Updated: Wednesday, 01 January 2014 01:37 | By Agence France-Presse

Uchiyama survives knockdown to beat Kaneko

Champion Takashi Uchiyama of Japan managed to retain his WBA super flyweight title despite a knockdown to remain undefeated with an unanimous decision over compatriot Daiki Kaneko on Wednesday in Tokyo.


Uchiyama survives knockdown to beat Kaneko

Champion Takashi Uchiyama (L) of Japan connects with a right to the jaw of Japanese challenger Daiki Kaneko during the 11th round of their WBA super featherweight title bout in Tokyo on December 31, 2013

Uchiyama, taken the distance for the first time since winning the title four years ago, improved to 20-0 (17 KOs) with one draw. The No. 4-ranked Kaneko dropped to 19-3 (17 KOs) with three draws.

Earler in the evening, in the opening bout of a title doubleheader at the Ota City Gym, Uchiyama's compatriot Takashi Miura successfully defended his WBC super flyweight belt for the second time, stopping Mexico's Dante Jardon by TKO in the ninth round.

Uchiyama, fighting on New Year's Eve for the third straight year, gave more than he got against Kaneko in a wide-open bout between two hard hitters, opening a cut near the challenger's right eye and leaving his left eye nearly swollen shut.  

The three Japanese judges -- Takeo Harada, Takashi Shimakawa and Kazunobuo Asao --  all scored the fight 117-110 in Uchiyama's favor.

"Kaneko was strong," Uchiyama told the crowd in a post-fight interview in the ring. "He's the man. I'm the world champion, but he provided me with a good experience."

The 34-year-old, nicknamed "Knockout Dynamite," wrested the title with a 12th-round TKO of Mexico's Juan Carlos Salgado in January 2010, then won all seven of his previous title defenses inside the distance. 

His lone draw came in July 2012, when his fight against the Philippines' Michael Farenas was stopped after Uchiyama was head-butted in the third round.

The outcome of the two title fights has inevitably led to calls for a unification fight between the two Japanese champions. 

The pair met in January 2011 for Uchiyama's WBA belt, with Uchiyama winning when the fight was stopped in the eighth round due to a severe cut near Miura's eye -- and after Uchiyama had been knocked down.

"The last time, I barely won and in these three years, he's really made progress," Uchiyama said of a rematch with Miura. "If it happens, I'll look forward to it."

Kaneko, who had not lost since December 2007, caused the crowd to roar late in the 10th round when he led with a left jab that forced Uchiyama into the ropes, then tagged him with a right hook that knocked him to the canvas.

"I was surprised," Uchiyama said. "But I knew what the count was. I didn't panic and stood up. It was OK."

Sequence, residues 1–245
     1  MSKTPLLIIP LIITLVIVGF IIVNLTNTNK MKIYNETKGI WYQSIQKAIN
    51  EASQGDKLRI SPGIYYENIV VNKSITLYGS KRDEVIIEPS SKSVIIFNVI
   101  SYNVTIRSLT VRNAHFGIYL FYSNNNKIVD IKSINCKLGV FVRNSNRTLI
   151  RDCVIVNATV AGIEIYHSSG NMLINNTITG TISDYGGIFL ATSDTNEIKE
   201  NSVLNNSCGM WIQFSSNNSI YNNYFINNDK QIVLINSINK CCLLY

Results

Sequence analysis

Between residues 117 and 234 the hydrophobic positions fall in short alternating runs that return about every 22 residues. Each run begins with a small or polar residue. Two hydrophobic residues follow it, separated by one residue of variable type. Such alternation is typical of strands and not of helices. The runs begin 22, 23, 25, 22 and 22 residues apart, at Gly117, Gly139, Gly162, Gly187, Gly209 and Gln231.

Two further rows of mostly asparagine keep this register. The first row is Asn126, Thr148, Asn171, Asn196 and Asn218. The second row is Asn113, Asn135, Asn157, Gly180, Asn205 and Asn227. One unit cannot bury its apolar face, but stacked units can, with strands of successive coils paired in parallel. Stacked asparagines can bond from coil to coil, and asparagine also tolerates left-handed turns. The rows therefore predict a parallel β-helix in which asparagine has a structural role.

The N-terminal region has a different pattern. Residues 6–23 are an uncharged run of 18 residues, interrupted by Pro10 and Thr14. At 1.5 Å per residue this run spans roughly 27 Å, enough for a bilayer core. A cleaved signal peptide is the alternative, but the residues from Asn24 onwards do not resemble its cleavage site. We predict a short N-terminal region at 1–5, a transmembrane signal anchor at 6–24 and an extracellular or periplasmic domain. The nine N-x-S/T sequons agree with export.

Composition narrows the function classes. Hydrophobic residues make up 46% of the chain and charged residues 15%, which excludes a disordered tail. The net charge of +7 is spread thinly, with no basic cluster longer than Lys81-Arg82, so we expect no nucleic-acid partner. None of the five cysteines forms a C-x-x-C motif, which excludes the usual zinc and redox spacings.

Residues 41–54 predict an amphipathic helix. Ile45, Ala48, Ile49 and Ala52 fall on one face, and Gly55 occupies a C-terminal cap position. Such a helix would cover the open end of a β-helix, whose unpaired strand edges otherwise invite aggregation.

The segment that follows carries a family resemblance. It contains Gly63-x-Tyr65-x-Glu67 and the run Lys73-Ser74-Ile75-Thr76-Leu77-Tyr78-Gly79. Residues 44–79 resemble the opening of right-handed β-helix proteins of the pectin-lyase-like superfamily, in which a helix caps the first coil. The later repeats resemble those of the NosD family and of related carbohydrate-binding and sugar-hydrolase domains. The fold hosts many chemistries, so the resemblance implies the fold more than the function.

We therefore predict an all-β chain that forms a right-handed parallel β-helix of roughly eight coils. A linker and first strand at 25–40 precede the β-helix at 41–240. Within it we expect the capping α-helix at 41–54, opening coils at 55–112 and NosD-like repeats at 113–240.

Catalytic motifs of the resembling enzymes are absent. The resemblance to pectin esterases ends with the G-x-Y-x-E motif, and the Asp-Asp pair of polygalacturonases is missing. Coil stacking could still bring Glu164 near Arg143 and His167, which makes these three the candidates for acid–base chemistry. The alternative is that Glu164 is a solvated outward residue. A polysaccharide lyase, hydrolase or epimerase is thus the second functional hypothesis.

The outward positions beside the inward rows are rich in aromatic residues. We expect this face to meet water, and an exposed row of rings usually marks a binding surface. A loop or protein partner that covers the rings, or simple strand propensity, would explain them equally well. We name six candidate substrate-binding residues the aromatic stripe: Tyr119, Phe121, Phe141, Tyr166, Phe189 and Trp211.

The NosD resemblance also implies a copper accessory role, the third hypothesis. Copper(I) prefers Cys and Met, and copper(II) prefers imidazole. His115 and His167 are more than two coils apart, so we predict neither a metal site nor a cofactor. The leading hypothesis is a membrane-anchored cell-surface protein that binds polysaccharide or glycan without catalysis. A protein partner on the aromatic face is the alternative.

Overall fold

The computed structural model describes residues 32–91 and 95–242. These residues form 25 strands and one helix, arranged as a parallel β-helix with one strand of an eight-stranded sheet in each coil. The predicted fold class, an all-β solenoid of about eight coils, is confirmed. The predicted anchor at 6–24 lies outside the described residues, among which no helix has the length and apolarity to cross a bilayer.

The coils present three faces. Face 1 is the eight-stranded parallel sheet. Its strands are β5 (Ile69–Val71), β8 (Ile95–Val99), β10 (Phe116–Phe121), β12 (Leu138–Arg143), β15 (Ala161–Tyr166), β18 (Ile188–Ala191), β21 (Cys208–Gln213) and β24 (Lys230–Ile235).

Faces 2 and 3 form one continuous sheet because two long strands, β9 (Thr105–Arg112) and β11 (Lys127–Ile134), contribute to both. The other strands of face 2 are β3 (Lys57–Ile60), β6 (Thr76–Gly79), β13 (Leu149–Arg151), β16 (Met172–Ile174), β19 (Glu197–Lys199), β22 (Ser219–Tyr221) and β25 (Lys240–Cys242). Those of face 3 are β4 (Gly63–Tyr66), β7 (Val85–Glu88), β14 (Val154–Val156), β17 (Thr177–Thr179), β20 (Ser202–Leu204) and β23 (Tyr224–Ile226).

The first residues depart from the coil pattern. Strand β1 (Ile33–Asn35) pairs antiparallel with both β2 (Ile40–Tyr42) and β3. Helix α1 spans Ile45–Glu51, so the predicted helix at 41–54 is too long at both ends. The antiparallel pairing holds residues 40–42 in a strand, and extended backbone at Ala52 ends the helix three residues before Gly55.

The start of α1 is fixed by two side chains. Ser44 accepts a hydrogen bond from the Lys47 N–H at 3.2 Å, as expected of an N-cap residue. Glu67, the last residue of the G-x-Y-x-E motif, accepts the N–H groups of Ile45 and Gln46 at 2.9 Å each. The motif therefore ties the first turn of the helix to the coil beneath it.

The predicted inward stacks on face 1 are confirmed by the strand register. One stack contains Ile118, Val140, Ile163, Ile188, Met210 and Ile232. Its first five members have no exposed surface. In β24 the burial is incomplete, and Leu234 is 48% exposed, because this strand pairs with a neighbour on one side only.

Kaneko tried to keep the momentum going in the 11th round, but Uchiyama fended off the attack, landing a number of effective counterpunches himself. Both fighters pounded away right to the end.

Earlier, the southpaw Miura dominated throughout his bout with Jardon, knocking the Mexican down in the fifth, then again before referee Len Koivisto stepped in and halted the match 55 seconds into the ninth round.

With the win, Miura improved to 27-2 (20 KOs) with two draws, while the No. 2-ranked Jardon fell to 24-3 (20 KOs).

"I had a chance to end it earlier," Miura said. "That's my inexperience, which I will have to work on."

Miura has now won seven straight fights since losing to Uchiyama, including a ninth-round TKO of Mexico's Gamaliel Diaz in Tokyo last April for the WBC belt. 

He defeated another Mexican, Sergio Thompson, with an unanimous decision in his first title defense in August in Cancun, Mexico.

Miura took the initiative with body blows in the early rounds, while absorbing the occasional punch from Jardon that found its target. 

In the fifth round, Miura connected with a left hook, then unleashed a flurry of punches as Jardon cowered in the corner before going to the mat. Miura stayed on the attack, but Jardon survived the round.

Over the next few rounds, it was apparent it was just a matter of time as Jardon forged ahead on wobbly legs. Each time the challenger launched an attack, it opened the door for more punishment from Miura.

Late in the eighth round, Miura pummeled away on the ropes and Jardon went down to his knees with a bloody nose, but the referee let the fight continue. 

Going into the ninth round, Miura had won every previous round on all three judges cards.

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